Daily Archives: November 4, 2010


Puppets Jazz Bar, in Park Slope (that’s 481 5th Avenue in Brooklyn) was new to me, but owner Jaime Affoumado — a jazz drummer himself — told me that it’s been thriving for six years.  Puppets is a delightful spot, with vegan / vegetarian dishes, intriguing drinks, a first-rate piano, and a clear view of the band.  

Pianist Michael Bank isn’t new to me, and that’s a pleasure in itself.  His playing combines the best elements of timeless mainstream / modern / swing: it’s only logical that he should have studied with Jaki Byard, played alongside Fats Waller’s guitarist Al Casey.  Michael always swings and adds his own idiosyncratic touches to even the most well-behaved melody statement. 

Michael can offer authentic Wallerisms and Ellingtonian touches, but he isn’t a clone of anyone, and his sly, subtle playing melds the lightness I associate with Wilson and Basie with more exploratory harmonies — a perfect fit. 

For this evening, Michael was joined by two veterans of the New York jazz scene: bassist Murray Wall and drummer Giampaolo Biagi — and a new face, the young guitarist Matt Smith.  Here’s the first set plus a swinging feature for Murray.  

To begin with, Michael called the most “ordinary” opening song anyone could think of — an easy ON THE SUNNY SIDE OF THE STREET, in C.  But notice his intriguing twists and turns, his delicacy and humor.  There’s nothing formulaic here:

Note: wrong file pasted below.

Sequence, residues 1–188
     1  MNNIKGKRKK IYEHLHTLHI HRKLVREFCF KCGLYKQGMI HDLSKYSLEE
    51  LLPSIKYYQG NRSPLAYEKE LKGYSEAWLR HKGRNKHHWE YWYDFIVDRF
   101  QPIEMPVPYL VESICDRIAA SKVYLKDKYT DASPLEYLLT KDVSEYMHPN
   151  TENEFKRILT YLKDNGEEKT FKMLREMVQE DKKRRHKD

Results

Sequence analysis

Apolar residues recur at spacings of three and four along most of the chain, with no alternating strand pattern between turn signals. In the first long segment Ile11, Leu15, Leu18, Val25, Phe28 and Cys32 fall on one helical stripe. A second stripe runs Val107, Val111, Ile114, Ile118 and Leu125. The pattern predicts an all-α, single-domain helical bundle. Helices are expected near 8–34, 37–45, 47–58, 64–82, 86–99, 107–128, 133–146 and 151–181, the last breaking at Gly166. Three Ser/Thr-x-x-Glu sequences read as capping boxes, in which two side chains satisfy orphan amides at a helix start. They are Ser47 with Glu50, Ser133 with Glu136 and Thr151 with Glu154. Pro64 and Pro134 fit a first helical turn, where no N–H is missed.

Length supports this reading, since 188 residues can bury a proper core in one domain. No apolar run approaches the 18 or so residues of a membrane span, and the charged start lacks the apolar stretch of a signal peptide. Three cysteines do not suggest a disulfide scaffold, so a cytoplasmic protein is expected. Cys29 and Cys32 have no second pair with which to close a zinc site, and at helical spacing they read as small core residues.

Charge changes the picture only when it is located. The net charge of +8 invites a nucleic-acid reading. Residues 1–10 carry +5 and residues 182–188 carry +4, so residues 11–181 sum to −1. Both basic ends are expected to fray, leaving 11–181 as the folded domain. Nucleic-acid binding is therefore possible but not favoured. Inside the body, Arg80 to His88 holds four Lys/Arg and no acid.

Kern’s YESTERDAYS often labors under the morose seriousness the lyrics suggest: this performance (thanks to Giampaolo’s and Murray’s strong pulse) makes me think that the halcyon days were spent uptown at the Savoy Ballroom, even though Matt’s chiming lines come from a few decades later:

I associate YOU STEPPED OUT OF A DREAM with Bobby Hackett — but the energetic rocking of this quartet shows that this dream is a swing fantasy:

GONE WITH THE WIND is one of those twining songs I can’t hear often enough: its melody alone is a pleasure.  Matt’s backwards-looking lines are intriguing exercises in balancing the notes in his own good time.  And Michael’s solo chorus is worth the wait — both thoughtful and hilariously exuberant:

Murray Wall proposed (in response to Giampaolo’s suggestion that they play some Ellington music) his own I GOT IT BAD, which again took the typically sad song and shook it up happily and plausibly.  Ellington had the finest bass players; he would have loved this version:

Michael Bank doesn’t come down to New York City often enough for my taste.  As a soloist and leader, he’s worth looking out for!